We took a trip down memory lane last night and went to see Steeleye Span.

I saw them often in my university days - I had long brown hair, a luxuriant 1970’s porn-star moustache and I jigged and sang along without a care in the world. 

Now, nearly forty years later, I’m more pawnbroker than porn star: my forehead’s grown through my hair, the ‘tache has morphed into a wiry grey beard and every song I try to sing along to is in the wrong bloomin’ key! O me miserum!

None of this has affected Steeleye, though, who, through frequent changes of line-up and the cross-fertilisation that’s the incestuous trope of the English folk scene, remain fresh and vibrant. 

Just one original member is left – vocalist Maddy Prior, now the de facto embodiment of Steeleye across the years.

The first half of their set revisited their entire first album, “Hark! The Village Wait,” from back even before my university days, and gave clear glimpses of the early electric folk-rock style that they’d make their own.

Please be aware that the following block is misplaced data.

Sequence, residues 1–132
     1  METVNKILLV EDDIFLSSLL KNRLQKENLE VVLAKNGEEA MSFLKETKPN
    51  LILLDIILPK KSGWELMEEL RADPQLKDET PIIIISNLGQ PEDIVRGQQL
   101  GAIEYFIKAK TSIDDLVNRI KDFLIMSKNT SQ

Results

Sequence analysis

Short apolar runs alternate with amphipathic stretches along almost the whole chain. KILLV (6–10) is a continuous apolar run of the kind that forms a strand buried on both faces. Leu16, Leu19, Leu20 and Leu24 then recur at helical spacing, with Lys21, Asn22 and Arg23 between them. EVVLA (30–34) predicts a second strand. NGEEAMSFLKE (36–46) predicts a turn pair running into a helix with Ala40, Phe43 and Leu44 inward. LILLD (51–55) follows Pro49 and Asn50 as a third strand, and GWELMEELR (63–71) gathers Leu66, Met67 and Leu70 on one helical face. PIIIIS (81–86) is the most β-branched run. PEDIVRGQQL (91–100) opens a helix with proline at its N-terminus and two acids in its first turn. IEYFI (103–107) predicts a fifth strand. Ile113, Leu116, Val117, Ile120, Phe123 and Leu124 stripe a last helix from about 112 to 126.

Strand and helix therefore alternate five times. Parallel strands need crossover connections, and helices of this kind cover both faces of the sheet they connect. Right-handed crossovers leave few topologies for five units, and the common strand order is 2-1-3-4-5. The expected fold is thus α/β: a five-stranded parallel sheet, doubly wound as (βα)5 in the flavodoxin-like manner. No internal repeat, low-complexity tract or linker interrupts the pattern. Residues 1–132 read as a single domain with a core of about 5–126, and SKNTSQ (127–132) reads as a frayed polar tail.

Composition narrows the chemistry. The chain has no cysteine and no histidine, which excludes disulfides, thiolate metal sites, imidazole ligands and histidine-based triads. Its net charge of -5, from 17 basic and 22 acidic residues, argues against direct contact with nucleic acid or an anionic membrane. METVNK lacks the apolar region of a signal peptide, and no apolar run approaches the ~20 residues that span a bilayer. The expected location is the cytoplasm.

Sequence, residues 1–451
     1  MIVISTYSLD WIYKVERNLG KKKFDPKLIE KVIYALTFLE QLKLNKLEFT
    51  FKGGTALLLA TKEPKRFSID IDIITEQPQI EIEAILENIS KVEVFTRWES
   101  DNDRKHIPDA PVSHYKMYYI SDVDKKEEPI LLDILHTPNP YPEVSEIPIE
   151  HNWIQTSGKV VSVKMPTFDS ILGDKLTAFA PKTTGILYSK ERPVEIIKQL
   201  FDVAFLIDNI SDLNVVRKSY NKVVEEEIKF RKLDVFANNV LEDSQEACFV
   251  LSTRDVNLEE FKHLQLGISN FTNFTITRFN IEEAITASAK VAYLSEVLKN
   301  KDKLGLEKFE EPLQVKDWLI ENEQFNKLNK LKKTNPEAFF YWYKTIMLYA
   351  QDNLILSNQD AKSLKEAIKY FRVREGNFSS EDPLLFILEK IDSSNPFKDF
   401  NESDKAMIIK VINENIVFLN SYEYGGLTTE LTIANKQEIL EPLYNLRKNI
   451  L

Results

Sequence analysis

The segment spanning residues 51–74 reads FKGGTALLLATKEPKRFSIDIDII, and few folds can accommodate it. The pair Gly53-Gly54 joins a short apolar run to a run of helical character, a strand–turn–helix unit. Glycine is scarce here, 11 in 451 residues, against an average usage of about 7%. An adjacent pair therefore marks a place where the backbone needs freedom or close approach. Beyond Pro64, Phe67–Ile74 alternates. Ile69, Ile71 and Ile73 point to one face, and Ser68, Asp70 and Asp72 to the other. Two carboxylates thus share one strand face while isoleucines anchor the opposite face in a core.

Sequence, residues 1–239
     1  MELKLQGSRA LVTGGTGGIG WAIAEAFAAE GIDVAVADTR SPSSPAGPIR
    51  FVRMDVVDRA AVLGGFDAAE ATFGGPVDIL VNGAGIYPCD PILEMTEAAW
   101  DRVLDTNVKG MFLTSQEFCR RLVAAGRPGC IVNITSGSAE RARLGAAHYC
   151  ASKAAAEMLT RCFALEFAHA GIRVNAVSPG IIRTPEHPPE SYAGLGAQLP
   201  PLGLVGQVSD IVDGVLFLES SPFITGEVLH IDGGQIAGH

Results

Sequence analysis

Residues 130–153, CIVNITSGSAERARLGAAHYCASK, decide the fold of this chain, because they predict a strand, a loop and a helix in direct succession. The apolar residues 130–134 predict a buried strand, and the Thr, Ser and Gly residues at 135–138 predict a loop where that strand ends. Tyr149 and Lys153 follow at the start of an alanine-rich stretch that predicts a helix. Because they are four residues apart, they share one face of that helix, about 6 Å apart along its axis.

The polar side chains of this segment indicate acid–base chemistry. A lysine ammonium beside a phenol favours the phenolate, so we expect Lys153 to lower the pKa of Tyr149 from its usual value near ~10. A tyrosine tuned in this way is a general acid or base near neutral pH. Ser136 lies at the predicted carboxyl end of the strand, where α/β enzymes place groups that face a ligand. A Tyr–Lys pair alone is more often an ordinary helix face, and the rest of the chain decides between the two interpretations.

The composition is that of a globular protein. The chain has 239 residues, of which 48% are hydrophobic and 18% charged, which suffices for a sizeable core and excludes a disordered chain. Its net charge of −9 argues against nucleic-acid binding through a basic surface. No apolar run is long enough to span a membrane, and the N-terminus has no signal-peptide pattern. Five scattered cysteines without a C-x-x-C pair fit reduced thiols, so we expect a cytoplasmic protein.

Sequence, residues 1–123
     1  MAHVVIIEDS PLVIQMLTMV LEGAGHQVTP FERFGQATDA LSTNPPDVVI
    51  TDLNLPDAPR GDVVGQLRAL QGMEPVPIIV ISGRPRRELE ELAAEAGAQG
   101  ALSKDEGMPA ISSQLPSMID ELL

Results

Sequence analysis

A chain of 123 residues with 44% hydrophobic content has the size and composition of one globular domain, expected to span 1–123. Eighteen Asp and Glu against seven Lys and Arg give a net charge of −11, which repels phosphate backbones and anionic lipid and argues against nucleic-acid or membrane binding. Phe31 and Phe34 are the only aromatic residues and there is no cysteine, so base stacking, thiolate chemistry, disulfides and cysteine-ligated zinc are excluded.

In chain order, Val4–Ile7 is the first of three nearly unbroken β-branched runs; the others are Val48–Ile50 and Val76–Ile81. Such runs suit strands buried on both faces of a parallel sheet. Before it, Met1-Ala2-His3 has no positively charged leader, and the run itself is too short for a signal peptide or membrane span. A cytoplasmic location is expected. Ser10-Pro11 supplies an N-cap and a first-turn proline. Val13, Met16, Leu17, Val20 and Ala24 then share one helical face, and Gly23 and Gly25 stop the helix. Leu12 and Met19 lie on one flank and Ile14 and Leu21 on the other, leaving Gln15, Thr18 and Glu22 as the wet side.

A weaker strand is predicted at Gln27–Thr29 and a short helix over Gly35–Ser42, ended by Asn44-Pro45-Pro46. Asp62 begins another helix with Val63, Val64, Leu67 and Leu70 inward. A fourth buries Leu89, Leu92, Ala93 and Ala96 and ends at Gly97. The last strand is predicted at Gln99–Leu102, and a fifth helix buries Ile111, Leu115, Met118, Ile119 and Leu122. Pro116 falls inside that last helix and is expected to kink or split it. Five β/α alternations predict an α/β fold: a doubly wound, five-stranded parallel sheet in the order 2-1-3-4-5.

Steeleye always draw you into their gigs slowly – you wonder if things are going to be a bit dull, then gradually find your fingers drumming along to a rockin’ good bop. 

By half time, they’d hooked their audience, before upping the pace with some classic ballads in the second half – the metaphysical fairy story “Tam Lin; the dystopic medieval anti-Semitism of “Little Sir Hugh;” and some imaginative work from their album “Wintersmith,” a collaboration with the late Terry Pratchett. 

They stick to doing what they do best, without dwelling on the past – surely the secret of their longevity.

And did they do “that song?” 

Yes, of course they did, and we loved it and sang along and grinned like the young-un’s we once were.

And, for once, it was even in my key.

Chris Parkinson-Brown.